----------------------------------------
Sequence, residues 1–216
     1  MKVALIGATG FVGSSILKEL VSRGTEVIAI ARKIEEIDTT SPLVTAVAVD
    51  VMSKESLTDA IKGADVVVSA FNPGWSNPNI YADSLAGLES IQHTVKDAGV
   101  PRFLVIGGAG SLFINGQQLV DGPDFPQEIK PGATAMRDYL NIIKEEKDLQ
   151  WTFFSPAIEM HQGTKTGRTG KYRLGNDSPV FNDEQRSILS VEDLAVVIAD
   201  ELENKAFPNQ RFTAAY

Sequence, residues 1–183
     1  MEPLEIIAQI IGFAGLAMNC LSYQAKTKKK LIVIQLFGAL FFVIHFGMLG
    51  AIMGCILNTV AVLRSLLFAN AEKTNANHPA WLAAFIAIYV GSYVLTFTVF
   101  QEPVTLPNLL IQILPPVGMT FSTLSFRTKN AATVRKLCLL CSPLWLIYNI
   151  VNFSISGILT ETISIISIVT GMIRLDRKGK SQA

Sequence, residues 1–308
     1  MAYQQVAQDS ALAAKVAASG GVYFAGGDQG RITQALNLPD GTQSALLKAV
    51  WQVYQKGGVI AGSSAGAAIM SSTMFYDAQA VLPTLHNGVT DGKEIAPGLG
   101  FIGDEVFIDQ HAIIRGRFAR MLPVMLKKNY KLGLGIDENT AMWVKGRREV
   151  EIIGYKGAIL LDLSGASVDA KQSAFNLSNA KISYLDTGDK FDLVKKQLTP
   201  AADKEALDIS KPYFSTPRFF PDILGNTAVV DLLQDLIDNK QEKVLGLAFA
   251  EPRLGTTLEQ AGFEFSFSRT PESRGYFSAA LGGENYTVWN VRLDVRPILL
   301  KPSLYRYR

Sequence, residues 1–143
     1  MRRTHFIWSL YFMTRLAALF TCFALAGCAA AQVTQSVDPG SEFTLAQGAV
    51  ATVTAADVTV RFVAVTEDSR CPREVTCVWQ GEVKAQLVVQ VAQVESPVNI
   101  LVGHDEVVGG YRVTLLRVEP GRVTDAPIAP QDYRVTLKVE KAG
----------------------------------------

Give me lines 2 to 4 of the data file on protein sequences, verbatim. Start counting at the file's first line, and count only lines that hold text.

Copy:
     1  MKVALIGATG FVGSSILKEL VSRGTEVIAI ARKIEEIDTT SPLVTAVAVD
    51  VMSKESLTDA IKGADVVVSA FNPGWSNPNI YADSLAGLES IQHTVKDAGV
   101  PRFLVIGGAG SLFINGQQLV DGPDFPQEIK PGATAMRDYL NIIKEEKDLQ